A Book You’ve Been Meaning to Read

It’s the end of February, the second month of the year and I’ve finished my second book of the Reading Challenge I’m following. I chose Maya Angelou’s I Know Why the Caged Bird Sings and here’s my review I wrote for GoodReads (no point reinventing the wheel!)

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Mixed feelings about this book. It goes without saying that the writing is superb. I was taken to an America I didn’t know existed. She wrote about her life as a young Black girl in a way that told of that experience I’d never connected to before. That makes me feel naive but I actually think it’s down to her skill as a writer. That said, I was disappointed in her re-telling of her life once she’d left Stamps for the final time. I felt it was rushed, lacked the private thoughts she’d previously shared and which had made such an impact on me, for the sake of delivering the chronological facts. All that said, what a book.

Now, what shall I chose next?…..

 

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A book you can finish in a day

Reading challenge – the first book.

I love my Kindle but was delighted when my daughter asked me for a book list so she could chose one from it to buy me for Christmas in print form. What a joy it was to scribble down books that had been in my head for a while. She chose The Santa Klaus Murder by Mavis Doriel Hay. It is published by The British Library as part of their Crime Classics series and was first published in 1936. Here’s my review for Goodreads.

A good old-fashioned murder mystery in a Downton Abbey-esque setting albeit not quite so grand. The patriarch is murdered and everyone is a suspect including Santa Klaus. The investigator is the Chief Constable who, of course, is a family friend but remains impartial. The bulk of the story is told from his point of view but various other characters are asked to write their account of events in a story form and these are integrated into the tale. I loved the writing style, so true of the upper classes of the 1920s-30s yet Hay also writes in dialect and it’s perfectly done. I’ve never read Agatha Christie but I suspect they would have similar styles. I would have liked a longer epilogue, I felt it ended quite abruptly but I suppose there wasn’t really any more to say.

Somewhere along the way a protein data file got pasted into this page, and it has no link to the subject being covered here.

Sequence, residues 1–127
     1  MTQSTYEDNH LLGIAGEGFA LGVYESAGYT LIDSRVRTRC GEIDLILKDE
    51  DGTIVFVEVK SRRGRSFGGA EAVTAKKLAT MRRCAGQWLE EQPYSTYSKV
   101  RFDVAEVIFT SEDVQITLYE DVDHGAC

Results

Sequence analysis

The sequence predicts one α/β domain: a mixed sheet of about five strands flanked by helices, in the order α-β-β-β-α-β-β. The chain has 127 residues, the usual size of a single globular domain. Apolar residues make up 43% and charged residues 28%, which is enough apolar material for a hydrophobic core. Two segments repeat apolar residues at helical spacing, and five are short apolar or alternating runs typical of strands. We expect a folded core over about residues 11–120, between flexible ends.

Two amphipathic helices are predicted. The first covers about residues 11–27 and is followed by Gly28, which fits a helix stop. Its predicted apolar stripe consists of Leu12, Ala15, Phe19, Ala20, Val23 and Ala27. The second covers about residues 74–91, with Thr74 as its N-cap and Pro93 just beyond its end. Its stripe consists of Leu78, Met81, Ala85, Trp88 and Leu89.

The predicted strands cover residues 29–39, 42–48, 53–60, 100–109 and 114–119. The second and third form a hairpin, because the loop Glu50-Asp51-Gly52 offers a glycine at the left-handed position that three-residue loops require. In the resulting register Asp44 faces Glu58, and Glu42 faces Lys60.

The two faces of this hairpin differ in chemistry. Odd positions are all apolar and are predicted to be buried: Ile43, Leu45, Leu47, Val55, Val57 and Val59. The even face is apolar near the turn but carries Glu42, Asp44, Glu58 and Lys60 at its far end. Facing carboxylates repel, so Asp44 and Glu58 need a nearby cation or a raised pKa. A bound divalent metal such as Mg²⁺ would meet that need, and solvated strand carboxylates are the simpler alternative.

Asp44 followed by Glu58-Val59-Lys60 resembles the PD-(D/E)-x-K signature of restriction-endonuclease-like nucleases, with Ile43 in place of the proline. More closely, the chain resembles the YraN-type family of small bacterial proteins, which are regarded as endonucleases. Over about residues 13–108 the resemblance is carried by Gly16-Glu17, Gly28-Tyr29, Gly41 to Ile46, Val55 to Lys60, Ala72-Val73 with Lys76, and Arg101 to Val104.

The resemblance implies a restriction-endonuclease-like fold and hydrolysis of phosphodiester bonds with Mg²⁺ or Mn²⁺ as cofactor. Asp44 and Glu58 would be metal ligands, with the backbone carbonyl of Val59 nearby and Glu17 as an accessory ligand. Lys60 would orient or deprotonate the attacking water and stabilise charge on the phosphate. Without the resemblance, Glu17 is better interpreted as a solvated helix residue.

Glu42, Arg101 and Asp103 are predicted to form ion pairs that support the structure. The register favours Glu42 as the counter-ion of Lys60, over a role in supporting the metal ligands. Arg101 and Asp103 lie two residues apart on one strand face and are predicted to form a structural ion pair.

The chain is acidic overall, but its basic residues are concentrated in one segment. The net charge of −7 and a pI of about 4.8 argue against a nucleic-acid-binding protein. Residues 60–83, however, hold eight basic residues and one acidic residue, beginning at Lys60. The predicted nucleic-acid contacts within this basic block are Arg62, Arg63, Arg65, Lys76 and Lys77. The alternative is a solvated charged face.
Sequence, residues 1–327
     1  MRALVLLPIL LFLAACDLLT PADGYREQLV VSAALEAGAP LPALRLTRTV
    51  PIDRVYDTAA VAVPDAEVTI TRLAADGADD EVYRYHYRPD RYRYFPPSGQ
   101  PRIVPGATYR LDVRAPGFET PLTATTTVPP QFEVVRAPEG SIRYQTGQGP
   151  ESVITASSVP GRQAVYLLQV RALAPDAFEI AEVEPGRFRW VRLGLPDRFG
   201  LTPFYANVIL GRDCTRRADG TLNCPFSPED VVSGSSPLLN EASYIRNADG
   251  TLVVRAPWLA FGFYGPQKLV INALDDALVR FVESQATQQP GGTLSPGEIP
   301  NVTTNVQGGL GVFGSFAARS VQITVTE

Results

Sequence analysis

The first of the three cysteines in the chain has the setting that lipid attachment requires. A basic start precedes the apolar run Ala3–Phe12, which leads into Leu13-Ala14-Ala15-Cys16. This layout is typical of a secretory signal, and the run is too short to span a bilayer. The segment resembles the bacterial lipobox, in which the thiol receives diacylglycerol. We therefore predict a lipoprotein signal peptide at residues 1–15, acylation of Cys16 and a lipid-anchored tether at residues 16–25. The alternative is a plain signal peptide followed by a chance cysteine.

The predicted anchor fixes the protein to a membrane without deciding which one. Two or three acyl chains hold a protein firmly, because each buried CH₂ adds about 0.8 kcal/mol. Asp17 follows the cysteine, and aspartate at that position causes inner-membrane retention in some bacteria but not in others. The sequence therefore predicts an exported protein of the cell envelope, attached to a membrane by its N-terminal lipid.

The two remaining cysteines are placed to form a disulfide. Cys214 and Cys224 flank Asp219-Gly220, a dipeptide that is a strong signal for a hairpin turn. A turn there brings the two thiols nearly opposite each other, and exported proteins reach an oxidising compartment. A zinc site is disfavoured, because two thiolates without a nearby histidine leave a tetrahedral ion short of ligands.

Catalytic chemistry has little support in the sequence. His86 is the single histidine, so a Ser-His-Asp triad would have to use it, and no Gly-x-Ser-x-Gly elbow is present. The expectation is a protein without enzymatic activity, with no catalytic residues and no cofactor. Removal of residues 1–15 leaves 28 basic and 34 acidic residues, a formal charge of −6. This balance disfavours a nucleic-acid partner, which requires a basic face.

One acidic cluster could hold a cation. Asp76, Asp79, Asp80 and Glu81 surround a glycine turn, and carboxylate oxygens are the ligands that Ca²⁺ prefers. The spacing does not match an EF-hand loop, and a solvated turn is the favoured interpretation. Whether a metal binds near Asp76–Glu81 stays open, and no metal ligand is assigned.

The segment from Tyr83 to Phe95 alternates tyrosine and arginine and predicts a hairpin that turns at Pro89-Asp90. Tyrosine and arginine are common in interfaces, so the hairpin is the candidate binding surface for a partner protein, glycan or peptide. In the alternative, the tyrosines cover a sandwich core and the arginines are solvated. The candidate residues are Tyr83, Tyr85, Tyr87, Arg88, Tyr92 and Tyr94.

Reading challenge 2016

In honour of Debbie Alvarez, woman, wife, mother, teacher librarian and all round incredible human being who died at the end of December 2015, I am taking the Reading Challenge suggested by some of Debbie’s friends. I love reading, always have, so this isn’t difficult but I’m doing it because Debbie read. I can be a lazy reader; it’s all to easy to pick up old favourites or an easy read and there is nothing wrong with that but Debbie always looked to learn something from her reading, she loved finding out new facts, discovering new authors, delighting in illustrations and illustrators, uncovering a hidden gem, realising she could match a book with a reader; I saw her do this every day for a whole year when I worked alongside her at Bradbury School Library in Hong Kong.

So this year I am going to be disciplined about my reading and continue to learn from Debbie. Her life continues, just in a different way.

 

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Comunidad para mi hermana…

startwithsparkles

Community: 

A unified body of individuals.

The people with common interests living in a particular area. 

I am always astounded at how many beautiful people there are in the vast communities that surround my tiny nuclear family. In the last twelve days this community has exploded into a vast array of artists, writers, teachers, friends, family members, doctors, nurses, musicians, and humanitarians.

If you look for the bad in (hu)mankind expecting to find it, you surely will.-Wise words from Mr. Lincoln.

I like to think of it this way: When you look for the good in people you will surely find it… -A Rachel take

In a time of grief and loss there are no words that can absolutely console or express the feelings that reside within. Although, all I have left are words in fact. These words helped guide me through the last handful of days. The first day…